January 28, 2015
This year’s Detroit Auto Show showcased a number of vehicles equipped with heads-up-display (HUD) technology that allows drivers to view their speed, range and directions while driving without having to take their eyes off the road. The HUD projections are displayed at the bottom of the windshield in a driver’s line of sight. The HUD technology, which is already available in some Toyota, Mazda and Hyundai models, is expected to become available from additional automakers in the near future.
“A HUD… would be free of ‘check engine’ and ‘change oil’ lights, and only display the alerts a driver might need at any given moment,” Businessweek reports. The technology aims to be much less of a distraction than looking for information on a vehicle’s dashboard screen or mobile phone (see Hyundai example below).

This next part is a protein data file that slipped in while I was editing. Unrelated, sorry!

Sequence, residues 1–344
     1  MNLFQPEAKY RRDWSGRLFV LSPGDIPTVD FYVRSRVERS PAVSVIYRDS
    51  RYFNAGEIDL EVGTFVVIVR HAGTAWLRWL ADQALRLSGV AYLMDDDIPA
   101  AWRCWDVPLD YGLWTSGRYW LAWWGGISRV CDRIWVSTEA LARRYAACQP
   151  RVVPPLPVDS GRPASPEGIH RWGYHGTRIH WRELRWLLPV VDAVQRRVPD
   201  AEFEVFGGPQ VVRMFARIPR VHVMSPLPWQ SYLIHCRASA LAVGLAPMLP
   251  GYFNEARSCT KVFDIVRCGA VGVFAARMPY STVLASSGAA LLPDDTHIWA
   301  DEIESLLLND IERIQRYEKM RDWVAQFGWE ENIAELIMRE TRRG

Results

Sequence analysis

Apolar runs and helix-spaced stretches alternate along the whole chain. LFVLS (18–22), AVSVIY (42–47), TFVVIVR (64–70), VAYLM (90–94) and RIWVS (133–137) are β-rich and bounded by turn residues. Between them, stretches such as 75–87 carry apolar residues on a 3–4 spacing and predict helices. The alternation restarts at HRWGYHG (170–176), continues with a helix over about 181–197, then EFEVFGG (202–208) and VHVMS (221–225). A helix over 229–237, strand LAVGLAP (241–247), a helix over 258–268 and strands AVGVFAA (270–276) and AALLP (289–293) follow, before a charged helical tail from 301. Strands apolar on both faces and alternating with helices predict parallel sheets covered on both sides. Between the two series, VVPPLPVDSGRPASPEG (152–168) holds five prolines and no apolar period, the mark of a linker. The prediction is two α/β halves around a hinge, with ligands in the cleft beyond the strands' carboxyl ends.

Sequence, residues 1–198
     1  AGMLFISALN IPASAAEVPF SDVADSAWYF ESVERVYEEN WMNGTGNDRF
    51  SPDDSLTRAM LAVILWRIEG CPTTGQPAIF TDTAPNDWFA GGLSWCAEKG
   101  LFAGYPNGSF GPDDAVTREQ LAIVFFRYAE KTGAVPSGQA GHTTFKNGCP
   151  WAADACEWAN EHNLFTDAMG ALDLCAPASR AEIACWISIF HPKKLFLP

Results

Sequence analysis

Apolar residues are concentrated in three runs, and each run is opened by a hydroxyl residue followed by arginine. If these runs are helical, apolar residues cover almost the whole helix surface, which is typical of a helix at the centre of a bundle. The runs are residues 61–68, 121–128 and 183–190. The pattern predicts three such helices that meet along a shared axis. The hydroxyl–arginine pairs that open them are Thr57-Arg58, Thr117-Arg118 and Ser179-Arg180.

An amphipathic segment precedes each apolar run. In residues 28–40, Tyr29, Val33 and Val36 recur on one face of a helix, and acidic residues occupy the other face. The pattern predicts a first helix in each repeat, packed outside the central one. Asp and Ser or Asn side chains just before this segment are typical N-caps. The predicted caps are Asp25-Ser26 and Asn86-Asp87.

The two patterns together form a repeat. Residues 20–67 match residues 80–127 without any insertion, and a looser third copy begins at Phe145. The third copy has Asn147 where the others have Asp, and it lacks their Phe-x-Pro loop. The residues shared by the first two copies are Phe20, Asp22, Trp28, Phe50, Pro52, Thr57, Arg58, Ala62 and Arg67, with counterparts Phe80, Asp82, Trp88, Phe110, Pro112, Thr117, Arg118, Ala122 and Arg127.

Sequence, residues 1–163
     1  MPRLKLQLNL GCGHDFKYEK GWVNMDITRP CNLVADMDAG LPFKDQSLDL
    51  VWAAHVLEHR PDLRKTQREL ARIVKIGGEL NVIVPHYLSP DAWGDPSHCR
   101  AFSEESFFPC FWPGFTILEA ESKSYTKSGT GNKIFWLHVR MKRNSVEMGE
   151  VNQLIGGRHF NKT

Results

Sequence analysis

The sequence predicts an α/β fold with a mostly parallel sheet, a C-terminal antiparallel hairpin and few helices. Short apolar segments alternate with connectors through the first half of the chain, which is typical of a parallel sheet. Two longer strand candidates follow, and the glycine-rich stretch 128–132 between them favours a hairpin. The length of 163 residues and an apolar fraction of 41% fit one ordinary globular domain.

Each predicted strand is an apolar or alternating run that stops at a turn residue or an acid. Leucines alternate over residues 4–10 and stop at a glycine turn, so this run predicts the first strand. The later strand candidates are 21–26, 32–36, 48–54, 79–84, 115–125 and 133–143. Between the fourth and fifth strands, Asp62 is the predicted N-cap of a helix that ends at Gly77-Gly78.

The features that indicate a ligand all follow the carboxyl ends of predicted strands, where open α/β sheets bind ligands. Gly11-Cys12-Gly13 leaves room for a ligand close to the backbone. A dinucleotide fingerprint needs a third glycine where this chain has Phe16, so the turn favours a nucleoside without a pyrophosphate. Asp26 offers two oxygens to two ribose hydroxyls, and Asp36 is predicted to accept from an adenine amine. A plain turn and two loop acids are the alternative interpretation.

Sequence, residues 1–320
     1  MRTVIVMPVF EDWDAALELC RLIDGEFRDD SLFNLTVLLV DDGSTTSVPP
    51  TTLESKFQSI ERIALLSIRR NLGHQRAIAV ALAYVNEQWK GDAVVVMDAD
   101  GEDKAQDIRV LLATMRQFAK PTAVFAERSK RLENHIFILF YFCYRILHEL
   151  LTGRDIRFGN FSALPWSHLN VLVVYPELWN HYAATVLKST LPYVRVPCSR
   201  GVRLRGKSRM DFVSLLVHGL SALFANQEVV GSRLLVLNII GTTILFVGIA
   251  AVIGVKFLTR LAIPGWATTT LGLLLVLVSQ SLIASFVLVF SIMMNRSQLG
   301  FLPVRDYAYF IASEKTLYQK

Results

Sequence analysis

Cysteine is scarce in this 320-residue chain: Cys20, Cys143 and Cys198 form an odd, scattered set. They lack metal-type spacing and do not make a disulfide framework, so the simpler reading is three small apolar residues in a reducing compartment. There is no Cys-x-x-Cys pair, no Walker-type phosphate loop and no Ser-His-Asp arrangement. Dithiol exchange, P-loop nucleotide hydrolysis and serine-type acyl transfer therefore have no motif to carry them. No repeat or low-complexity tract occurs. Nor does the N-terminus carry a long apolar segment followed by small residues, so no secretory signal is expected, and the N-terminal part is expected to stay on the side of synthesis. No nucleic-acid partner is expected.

“In 2010, people bought just 380,000 car HUDs worldwide, meaning about 0.5 percent of vehicles sold that year were equipped with the feature, according to market researcher IHS,” notes Businessweek. “This year, that total is expected to jump to 2.3 million, and by 2021 it could reach 11 million, according to IHS analyst Mark Boyadjis.”
Interestingly, GM outfitted an Oldsmobile Cutlass Supreme with the a basic version of HUD back in 1988. The automaker only recently brought back the technology to some of its Cadillacs and Buicks.
Today’s drivers expect a lot more from their vehicles. Newer cars come equipped with software-driven features to prevent accidents, assist navigation and much more. The challenge for software developers of HUD tech is to create features that can deliver on evolving expectations.